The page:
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St. Louis Program Selling Shares Of Artists’ Work Pays Off

Katherine Miller and examples of the art done for CSA
Photo of Miller by Jeganaath Giri; of artwork provided by CSA

In her last year at SEMO, printmaking major Katherine Miller of St. Louis knows she needs to think about the business of art even as she plans for grad school.

Miller's exposure to collectors was enhanced when she was picked for a new effort of Community Supported Art – St. Louis this past summer.  In the program, 50 people buy shares for $300 apiece, then collect work from nine artists. The art is distributed at three different pickup events, the last of which is tonight at Nebula business workspace (details, below).

Miller likes to use printmaking to create unique objects. For the CSA effort, she came up with a collection of prints that cover foam structures. Being part of the new project has helped Miller connect with collectors and other artists.

“Art by itself is fantastic but it’s even more fantastic when it can create relationships and conversations with people,” Miller said. “CSA was great way to do that with 50 people all at once.”

Low stakes, great value

CSA chief organizer Katy Peace also considers the program a success. Within two week of its July announcement, all 50 shares were sold. Each artist receives $1,000 of the proceeds. At least one sold an additional piece and another received a studio visit because of the exposure.

Katy Peace, right in striped top, at an earlier pickup event
Credit Provided by Community Support Art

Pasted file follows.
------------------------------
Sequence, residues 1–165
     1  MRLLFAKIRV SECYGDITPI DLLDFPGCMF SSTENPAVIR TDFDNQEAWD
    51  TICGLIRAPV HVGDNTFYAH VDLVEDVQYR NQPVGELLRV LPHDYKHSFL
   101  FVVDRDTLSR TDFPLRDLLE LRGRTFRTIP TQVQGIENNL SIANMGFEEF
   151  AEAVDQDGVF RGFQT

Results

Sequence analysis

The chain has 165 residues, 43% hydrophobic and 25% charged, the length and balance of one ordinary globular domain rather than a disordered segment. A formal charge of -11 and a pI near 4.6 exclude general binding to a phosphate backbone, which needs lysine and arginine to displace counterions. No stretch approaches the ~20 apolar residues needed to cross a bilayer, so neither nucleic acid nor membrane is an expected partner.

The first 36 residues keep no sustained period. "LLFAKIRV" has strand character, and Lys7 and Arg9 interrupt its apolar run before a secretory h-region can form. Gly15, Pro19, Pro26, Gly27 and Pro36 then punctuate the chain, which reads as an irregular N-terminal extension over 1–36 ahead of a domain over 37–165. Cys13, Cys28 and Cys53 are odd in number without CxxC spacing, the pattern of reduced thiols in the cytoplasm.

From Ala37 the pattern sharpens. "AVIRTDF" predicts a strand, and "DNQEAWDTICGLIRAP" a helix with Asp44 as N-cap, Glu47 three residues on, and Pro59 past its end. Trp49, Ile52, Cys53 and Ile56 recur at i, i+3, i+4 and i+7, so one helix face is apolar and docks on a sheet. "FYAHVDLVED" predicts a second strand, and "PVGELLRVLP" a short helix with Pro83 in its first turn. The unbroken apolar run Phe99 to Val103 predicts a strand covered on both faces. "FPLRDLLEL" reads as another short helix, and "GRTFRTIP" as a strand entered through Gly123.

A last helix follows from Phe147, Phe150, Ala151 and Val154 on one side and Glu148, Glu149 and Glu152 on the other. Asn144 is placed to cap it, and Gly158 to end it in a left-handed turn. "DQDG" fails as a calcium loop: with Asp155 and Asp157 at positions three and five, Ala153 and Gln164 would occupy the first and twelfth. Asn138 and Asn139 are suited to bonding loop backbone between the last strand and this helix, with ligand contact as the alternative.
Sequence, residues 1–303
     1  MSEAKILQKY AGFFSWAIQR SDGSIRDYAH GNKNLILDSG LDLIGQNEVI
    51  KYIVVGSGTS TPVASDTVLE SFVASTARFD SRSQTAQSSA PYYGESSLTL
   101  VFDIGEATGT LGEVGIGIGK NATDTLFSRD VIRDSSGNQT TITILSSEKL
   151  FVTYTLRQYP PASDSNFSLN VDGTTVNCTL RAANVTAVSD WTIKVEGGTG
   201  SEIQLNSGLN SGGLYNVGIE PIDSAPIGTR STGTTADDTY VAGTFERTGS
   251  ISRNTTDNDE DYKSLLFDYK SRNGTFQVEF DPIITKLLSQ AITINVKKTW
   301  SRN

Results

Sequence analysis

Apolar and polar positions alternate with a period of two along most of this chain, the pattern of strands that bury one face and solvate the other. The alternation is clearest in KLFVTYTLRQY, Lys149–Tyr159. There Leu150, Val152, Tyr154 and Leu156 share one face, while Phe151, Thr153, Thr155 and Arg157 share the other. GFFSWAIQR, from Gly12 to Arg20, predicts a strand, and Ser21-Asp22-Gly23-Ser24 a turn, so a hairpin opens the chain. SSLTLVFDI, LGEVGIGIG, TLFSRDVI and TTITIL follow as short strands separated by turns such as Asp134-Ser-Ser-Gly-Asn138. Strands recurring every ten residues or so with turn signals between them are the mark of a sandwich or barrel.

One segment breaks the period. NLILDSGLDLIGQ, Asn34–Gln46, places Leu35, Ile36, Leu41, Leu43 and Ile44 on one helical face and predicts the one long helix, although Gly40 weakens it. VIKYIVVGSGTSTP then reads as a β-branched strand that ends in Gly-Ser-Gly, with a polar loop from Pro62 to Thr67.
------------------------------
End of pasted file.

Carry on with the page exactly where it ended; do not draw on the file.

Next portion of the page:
Katy Peace, right in striped top, at an earlier pickup event

“It’s kind of early to tell what the aftereffects are going to be but we are hoping these relationships will continue,” Peace said. “Artists are always trying to find new ways to get art out there and find new audiences and this is another way to do that.”

Peace is already gearing up for the next launch. A call for artists will go out in January and the first pickup will take place this summer. Possible changes include more than nine artists and the option to buy half-shares.

“I think people really responded to the idea of having that easy entry point for supporting local artists and experiencing art,” Peace said. “The cost is low, the stakes are low and the value is great.”

Rosanna Benitez of Chesterfield is among the shareholders. The retired elementary-school art teacher said it's definitely worth the money, and she'd do it again.

"There aren't very many places you can get nine pieces of artwork for $300," Benitez said. "Each one of the pieces of art is very different from the others. It's been very nice."


Community Supported Art Pickup Event

Where: Nebula business space, 3407 S Jefferson Ave., 63118

When: 6-8 p.m. Thursday, Nov. 13

How much: Free

Information: CSA Facebook page

Follow Nancy Fowler on Twitter: @NancyFowlerSTL

Nancy is a veteran journalist whose career spans television, radio, print and online media. Her passions include the arts and social justice, and she particularly delights in the stories of people living and working in that intersection.

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